This project contains templates for learning how to install and configure Apache Cassandra or DataStax Enterprise (DSE) on a local dev machine. It uses Vagrant to configure and run virtual machines (VMs) running in VirtualBox. Vagrant enables quickly building environments in a way that is repeatable and isolated from your host system. This makes it perfect for experimenting with different configurations of Cassandra and DSE.
Why create yet another Cassandra on Vagrant system? Many scripts and Vagrant projects are already fully assembled and configured. Instead, I like to learn from the ground up so I can better understand each step. In the templates below I've also tried to minimize external dependencies, and the number of tools which need to be installed. (For example, I don't use Chef or Puppet here.)
Here are a few related projects I learned from while assembling my Vagrant setup:
- calebgroom/vagrant-cassandra - uses Chef to quickly create a 3-node cluster
- dholbrook/vagrant-cassandra - another Chef
- oeelvik/vagrant-puppet-hadoop-datastax - using Puppet for provisioning
- cjohannsen81/dse-vagrant - similar to my approach, just using script provisioning
You may also find bcantoni/vagrant-deb-proxy helpful for speeding up Ubuntu package installs. See Package Caching below for details.
Posts from my blog related to this project:
Here are some quick screencasts which walk through the three different templates in this project:
Note: These scripts were created on a Mac OS X 10.9/10.10/10.11 host with Vagrant v1.6/1.7 and VirtualBox v4.3/5.0. Everything should work for Linux or Windows hosts as well, but I have not tested those platforms. Shell scripts which are meant to run on the host (like up-parallel.sh or down.sh) would need to have Windows equivalents created.
Edit your local Hosts file to include the private network addresses (this makes it much easier to refer to the VMs by hostname):
# vagrant-cassandra private network hosts 10.211.54.10 cassandra 10.10.10.10 dse0 10.10.10.11 dse1 10.10.10.12 dse2 10.10.10.13 dse3 10.10.10.14 dse4 10.10.11.10 dse10 10.10.11.11 dse11 10.10.11.12 dse12 10.10.11.13 dse13 10.10.11.14 dse14 10.211.55.100 node0 10.211.55.101 node1 10.211.55.102 node2 10.211.55.103 node3 10.211.55.110 node10 10.211.55.111 node11 10.211.55.112 node12 10.211.55.113 node13 10.211.55.114 node14 10.211.55.115 node15 10.211.55.116 node16
Alternatively, try the vagrant-hostsupdater plugin which should do the same thing automatically. (I have not tried it.)
Check that both are installed and reachable from a command line:
$ vagrant --version Vagrant 1.7.4 $ VBoxManage --version 5.0.8r103449
Clone this repository
$ git clone https://github.com/bcantoni/vagrant-cassandra.git $ cd vagrant-cassandra
Try each of the templates listed below, for example:
$ cd 1.Base $ vagrant up $ vagrant ssh
These Vagrant files are configured to use a Debian/Ubuntu APT cache if configured. This can make the provisioning step faster and less susceptible to Ubuntu repository connection speeds.
If you want to run your own locally (through Vagrant), take a look at bcantoni/vagrant-deb-proxy.
To enable package caching, set the
DEB_CACHE_HOST environment variable before creating the Vagrant VMs, for example:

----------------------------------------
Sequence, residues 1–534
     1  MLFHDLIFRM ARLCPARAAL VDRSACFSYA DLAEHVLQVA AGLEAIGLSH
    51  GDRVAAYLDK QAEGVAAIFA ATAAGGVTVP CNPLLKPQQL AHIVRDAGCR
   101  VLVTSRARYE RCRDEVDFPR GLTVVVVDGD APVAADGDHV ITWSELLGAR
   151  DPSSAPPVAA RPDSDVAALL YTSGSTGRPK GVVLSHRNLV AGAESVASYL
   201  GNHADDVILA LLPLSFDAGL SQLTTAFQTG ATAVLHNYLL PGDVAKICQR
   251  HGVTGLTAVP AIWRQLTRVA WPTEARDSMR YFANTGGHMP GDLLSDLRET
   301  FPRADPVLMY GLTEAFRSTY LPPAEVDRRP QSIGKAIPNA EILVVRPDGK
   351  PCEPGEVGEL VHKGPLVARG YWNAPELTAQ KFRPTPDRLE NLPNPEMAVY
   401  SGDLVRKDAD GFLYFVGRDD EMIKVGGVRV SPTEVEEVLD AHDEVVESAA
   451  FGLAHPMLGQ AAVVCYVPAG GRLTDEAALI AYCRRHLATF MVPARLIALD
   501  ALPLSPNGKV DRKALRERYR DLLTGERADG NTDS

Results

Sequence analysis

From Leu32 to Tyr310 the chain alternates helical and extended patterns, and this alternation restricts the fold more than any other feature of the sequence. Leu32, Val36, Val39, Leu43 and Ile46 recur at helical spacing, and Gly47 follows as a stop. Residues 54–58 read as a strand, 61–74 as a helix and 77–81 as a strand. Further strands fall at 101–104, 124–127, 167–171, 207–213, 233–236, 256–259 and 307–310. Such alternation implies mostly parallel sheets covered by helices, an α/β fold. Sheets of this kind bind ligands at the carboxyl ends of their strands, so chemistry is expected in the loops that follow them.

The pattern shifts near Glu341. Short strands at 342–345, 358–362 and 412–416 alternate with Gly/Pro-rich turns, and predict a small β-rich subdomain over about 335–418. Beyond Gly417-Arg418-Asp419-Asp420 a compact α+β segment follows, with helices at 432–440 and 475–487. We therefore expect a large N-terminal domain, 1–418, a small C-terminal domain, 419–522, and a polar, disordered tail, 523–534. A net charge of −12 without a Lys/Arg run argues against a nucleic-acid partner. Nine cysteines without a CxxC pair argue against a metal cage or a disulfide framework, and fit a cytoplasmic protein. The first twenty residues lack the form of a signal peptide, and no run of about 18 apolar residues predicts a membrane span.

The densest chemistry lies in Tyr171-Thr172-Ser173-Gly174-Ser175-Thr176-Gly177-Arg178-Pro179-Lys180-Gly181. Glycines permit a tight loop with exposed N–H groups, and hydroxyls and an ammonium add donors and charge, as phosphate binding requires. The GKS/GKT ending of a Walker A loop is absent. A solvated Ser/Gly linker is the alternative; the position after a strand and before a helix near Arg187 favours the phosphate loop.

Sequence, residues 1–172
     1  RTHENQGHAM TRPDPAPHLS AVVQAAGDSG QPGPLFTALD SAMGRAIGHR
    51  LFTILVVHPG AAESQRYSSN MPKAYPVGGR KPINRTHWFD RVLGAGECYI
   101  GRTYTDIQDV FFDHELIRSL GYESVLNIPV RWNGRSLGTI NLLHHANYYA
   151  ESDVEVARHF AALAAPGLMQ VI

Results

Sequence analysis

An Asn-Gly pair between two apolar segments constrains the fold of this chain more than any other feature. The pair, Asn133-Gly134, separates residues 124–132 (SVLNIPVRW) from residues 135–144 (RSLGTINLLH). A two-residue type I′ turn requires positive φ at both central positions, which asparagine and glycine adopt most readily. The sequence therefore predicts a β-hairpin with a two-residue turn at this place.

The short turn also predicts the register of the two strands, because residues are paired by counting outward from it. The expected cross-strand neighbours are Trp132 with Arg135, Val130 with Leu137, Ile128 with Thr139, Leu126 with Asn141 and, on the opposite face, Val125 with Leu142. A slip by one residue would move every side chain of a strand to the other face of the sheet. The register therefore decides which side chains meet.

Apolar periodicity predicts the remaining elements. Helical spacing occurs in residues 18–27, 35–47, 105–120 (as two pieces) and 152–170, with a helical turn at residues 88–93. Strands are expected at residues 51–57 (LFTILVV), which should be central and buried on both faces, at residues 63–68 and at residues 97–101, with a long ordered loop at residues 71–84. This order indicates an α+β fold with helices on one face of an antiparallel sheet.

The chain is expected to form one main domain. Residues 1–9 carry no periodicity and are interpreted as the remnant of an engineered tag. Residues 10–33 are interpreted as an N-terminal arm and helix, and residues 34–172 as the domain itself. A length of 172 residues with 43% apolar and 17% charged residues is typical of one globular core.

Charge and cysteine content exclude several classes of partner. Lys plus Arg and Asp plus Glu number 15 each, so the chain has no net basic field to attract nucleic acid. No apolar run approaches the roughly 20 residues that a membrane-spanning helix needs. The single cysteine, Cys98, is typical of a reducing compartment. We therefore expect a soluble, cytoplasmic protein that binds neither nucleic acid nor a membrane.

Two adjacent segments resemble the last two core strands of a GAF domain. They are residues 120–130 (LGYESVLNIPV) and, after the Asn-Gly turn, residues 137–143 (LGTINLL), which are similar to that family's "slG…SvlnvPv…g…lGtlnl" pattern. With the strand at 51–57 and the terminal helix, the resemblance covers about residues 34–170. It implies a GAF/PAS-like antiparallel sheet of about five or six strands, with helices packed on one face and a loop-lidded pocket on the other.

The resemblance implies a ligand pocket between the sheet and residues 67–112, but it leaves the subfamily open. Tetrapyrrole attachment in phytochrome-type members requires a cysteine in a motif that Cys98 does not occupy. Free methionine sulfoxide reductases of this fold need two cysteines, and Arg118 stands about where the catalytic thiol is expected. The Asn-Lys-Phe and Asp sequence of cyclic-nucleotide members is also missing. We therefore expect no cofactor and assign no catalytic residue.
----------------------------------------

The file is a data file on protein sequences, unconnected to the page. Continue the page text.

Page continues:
$ export DEB_CACHE_HOST="http://10.211.54.100:8000" $ vagrant up
The Vagrant documentation is very good and I recommend going through the Getting Started section.
These are the most common commands you'll need with this project:
vagrant up- Create and configure VM
vagrant ssh- SSH into the VM
vagrant halt- Halt the VM (power off)
vagrant suspend- Suspend the VM (save state)
vagrant provision- Run (or re-run) the provisioner script
vagrant destroy- Destroy the VM
These are the starting templates which go through increasing levels of complexity for a Cassandra installation. Each of these is located in its own subdirectory with its own
Vagrantfile (the definition file used by Vagrant) and a README with instructions and more details.
This is a base template with only Java pre-installed. It's a good getting started point to explore installing Cassandra and DataStax packages.
Same as above, but using CentOS instead of Ubuntu.
This template creates 4 VMs: one for OpsCenter and 3 for Cassandra nodes. OpsCenter is preinstalled, and you can use that to finish building the cluster.
This template builds and configures a multi-datacenter cluster (one OpsCenter VM and 6 Cassandra nodes in 2 logical datacenters).
This template focuses on DataStax Enterprise (DSE) and can build a variable number of nodes in a cluster.
This template is structurally the same as 4.DSE, but instead uses the Standalone Installer which first came out with DSE 4.5.
- Most templates are currently based off the
ubuntu/trusty64box which is running 64-bit Ubuntu 14.04 LTS. You can change the
vm.boxvalue if you want to try different guest operating systems.
Copyright 2014-17 Brian Cantoni
Licensed under the Apache License, Version 2.0 (the "License"); you may not use this file except in compliance with the License. You may obtain a copy of the License at
Unless required by applicable law or agreed to in writing, software distributed under the License is distributed on an "AS IS" BASIS, WITHOUT WARRANTIES OR CONDITIONS OF ANY KIND, either express or implied. See the License for the specific language governing permissions and limitations under the License.